A pleasant group suicide is the title of a book by Arto Paasilinna (Relógio D’Água, January 2010) that tells the story of a group of Finns who take a bus tour in search of the best precipice to start off on. You will find your destination no less than in Portugal, on a cliff near the Sagres fortress.
The author of this book would hardly find a metaphor for the current architectural situation in Portugal in his story. But it is this title that comes to mind when I think about the state of the profession and discipline in Portuguese countries today: A pleasant group suicide. The architects freely boarded the bus that took them to the abyss. As in Arto Paasilinna’s book, there will be resigned hikers, other fatalists, others who are still naive and innocent and believe that the bus will be successful, and there will also be those who try to convince the tour to change course, but give up many failed attempts afterwards.
The process of demoting the architectural profession is not new. It began with the liberalization of the market and the associated abolition of the fee scale and continued to this day, when architectural services were auctioned at the lowest price. The reduction of architecture to its own economic added value is a process that arises not only from the external conditions defined by the market, but mainly from the internal conditions created by the discipline and the profession itself.
At a time when the state is proposing to build and refurbish the housing stock in Portugal’s main cities – a task it has neglected in recent decades – little or nothing is heard about what it’s like to be in the 21st century. Century to live. The public discussion of this structural and remarkable process for the development of our cities is reduced to a discussion of numbers. How many fires are built? What do these houses cost? How much money will the state invest in these houses? And if these are legitimate questions that the state, as a sponsor, must answer; These are not the only questions architects need to answer when asked to intervene. It’s up to the architects to start the discussion about how we want to live in society in the 21st century. However, when asked to intervene, the architects’ response was weak.
In 2020, several public tenders were launched for the design and development of collective housing projects. The Institute for Housing and Urban Rehabilitation (IHRU) has launched three tenders as part of the Almada Poente housing project and the Municipality of Porto has launched a tender for the construction of five residential buildings in the Lordelo do Ouro district.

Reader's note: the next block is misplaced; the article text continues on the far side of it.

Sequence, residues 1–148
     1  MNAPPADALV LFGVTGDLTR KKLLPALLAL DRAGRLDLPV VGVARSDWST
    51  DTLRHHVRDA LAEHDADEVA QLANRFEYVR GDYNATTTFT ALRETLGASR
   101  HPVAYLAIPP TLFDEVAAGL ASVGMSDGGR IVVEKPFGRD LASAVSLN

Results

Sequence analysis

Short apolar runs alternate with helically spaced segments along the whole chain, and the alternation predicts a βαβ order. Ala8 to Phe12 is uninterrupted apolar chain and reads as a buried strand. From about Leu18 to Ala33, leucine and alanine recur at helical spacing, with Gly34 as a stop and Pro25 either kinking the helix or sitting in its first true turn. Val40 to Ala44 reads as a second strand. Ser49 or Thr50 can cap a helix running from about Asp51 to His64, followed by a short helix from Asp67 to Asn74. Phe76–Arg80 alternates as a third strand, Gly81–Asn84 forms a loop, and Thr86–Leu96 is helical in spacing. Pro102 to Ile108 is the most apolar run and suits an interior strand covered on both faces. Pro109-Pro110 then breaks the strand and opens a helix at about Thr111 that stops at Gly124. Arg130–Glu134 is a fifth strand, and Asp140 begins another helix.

When asked “How do we want to live in the 21st century?” Don’t answer the winning proposals with anything new and ignore the significant structural changes that have occurred in our lifestyles over the past few decades. There are no proposals for new ways of living together that take into account the diversity of households that make up today’s society and encourage innovative forms of coexistence and collective neighborhood organization. There are no proposals for apartment types outside of the logic T1, T2, T3 defined by the real estate market. There are no proposals for apartment types that integrate the work space, strengthen the economic autonomy of the individual and promote the local microeconomy. There are no proposals that go beyond the minimum legal requirements with regard to ecological sustainability and energy efficiency. There are no proposals for innovative construction methods based on the concept of the circular economy and supported by digital systems for implementation on site.
The winning proposals in these competitions are presented through a series of abstract and missing images of social or political content. Characteristics consecrated by juries, composed mainly of professional colleagues, that arouse the idea in public opinion that this is the only contribution architecture makes to society: an aesthetic organization of reality.
We are facing a process of architecture’s self-abolition. By liberating itself from its critical position on socially relevant social and political issues, architecture frees itself from its disciplinary status and makes its commercialization inevitable.
To combat the economic deterioration of the profession, it is first necessary to revive the cultural and intellectual value of architecture as a discipline that helps build a more just and egalitarian society.
It is up to us architects to prevent the bus from falling over the abyss.
The author writes according to the orthographic agreement